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  • Writer's pictureJames V. Allen

Popular Music vs. "Other Music" In Advertising

When it comes to music to accompany your creative content, the case for popular music vs. music from lesser-known artists with high fan engagement is a difficult one to solve.

Popular songs are definitely a good option - if you can afford them. Auditory familiarity has the power to lift a consumer from the second screen to engage in a brand's on-screen message. This can come in the form of a familiar voice, a familiar song, or a captivating sound.

The obvious barrier to using popular music is the cost associated with licensing fees. But popular music improves engagement and recall. The potential opportunity cost is popular artists' level of fan engagement with the spot and with the brand's messaging. If it's a legacy artist, they may not have valuable social influence. If it's a hot artist, they may not be willing to give your brand a shout out.

In our digital world, a final consideration would be the term of the licensing agreement. Many licensors are reluctant to perpetuity, so will your content be able to live in the web/mobile sphere forever? The case for popular music is quite clear - it works. There are just ancillary considerations.

I can think of a ton of artists with extremely engaged social followings, with metrics to back them, who are still under the radar. Their music can be cleared for less, and the opportunity is to create a partnership between the brand, the band, and ultimately their fans.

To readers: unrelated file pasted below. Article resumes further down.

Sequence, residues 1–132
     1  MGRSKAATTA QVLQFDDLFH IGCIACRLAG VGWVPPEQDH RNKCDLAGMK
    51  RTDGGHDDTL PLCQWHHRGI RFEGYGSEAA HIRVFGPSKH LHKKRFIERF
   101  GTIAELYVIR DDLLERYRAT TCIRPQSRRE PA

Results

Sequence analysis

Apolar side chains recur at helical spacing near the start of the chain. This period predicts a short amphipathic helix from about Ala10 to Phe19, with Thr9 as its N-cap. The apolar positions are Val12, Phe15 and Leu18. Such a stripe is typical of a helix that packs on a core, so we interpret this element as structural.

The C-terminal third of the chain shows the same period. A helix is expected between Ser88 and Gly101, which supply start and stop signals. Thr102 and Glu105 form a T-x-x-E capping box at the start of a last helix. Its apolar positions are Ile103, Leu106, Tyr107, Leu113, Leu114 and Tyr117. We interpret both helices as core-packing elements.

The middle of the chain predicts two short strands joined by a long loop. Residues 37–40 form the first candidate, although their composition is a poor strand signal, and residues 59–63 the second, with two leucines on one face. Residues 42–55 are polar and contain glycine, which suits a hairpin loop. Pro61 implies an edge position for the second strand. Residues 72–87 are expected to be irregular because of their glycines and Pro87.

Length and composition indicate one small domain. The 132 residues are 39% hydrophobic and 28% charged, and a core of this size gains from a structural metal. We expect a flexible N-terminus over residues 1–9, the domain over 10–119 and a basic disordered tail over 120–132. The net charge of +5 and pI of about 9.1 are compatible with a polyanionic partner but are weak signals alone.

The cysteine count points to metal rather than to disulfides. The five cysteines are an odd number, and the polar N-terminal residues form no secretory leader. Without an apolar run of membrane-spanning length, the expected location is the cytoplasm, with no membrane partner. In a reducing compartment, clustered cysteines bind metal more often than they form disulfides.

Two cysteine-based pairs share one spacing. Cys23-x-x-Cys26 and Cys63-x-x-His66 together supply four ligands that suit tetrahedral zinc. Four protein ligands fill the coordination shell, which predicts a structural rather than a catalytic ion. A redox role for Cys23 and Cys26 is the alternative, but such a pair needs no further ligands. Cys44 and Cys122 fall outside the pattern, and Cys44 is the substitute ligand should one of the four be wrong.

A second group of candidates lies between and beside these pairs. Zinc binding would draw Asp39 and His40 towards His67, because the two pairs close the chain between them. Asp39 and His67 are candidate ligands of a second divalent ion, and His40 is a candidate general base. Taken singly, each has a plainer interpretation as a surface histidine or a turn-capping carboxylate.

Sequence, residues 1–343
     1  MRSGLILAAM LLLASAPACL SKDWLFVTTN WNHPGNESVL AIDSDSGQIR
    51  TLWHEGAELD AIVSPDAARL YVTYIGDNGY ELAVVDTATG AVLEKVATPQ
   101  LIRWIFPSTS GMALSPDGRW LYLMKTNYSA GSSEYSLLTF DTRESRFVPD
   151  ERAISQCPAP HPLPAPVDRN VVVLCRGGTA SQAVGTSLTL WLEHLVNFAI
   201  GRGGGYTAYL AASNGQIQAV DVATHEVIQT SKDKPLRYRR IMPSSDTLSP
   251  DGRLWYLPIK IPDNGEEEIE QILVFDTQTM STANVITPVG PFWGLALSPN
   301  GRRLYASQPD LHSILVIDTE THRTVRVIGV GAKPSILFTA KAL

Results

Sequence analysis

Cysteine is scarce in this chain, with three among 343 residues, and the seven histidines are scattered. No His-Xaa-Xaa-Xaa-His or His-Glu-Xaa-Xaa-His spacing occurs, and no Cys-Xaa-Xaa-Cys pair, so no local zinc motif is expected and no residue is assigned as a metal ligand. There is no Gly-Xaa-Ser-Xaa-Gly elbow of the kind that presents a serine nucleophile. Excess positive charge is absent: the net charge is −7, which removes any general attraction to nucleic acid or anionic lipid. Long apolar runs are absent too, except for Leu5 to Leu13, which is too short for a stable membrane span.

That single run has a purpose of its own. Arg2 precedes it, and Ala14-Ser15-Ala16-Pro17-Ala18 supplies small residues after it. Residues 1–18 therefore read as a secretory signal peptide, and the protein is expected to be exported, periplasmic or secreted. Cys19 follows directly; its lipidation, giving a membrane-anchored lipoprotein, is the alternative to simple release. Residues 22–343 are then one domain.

I am not talking about the one-sided partnership in favor of "exposure" for the artist. This helps, but how can you provide more than just exposure your partnership with budding artists? You could commission a new recording that is commercially viable for them, where recording royalties are split between brand and artist. So what song would you record? There are a lot of variables to consider, including messaging, targeting, psychology, budget and brand personality. But I assure you that there are many solutions for all considerations. Cover songs are a popular trend in film, tv, and advertising. Brands may be able to get the best of both worlds - a familiar song recorded by an artist with high levels of fan engagement. With the Music Modernization Act and royalty rate increases for songwriters, I see this trend gaining more momentum.

The point is that there are many ways to work music into your creative strategy. While most know that music can create a powerful connection between brand and consumer, I believe current music strategy efforts are only the tip of the iceberg. MusiPUB hopes to have some case studies for you soon. If you're a brand or agency that wants to discuss more strategically, let us know.

Note: This is a stream of consciousness blog. Theories, suggestions, and grammatical errors should all be taken with a grain of salt. A discussion with MusiPUB on the matter should not be taken with salt.



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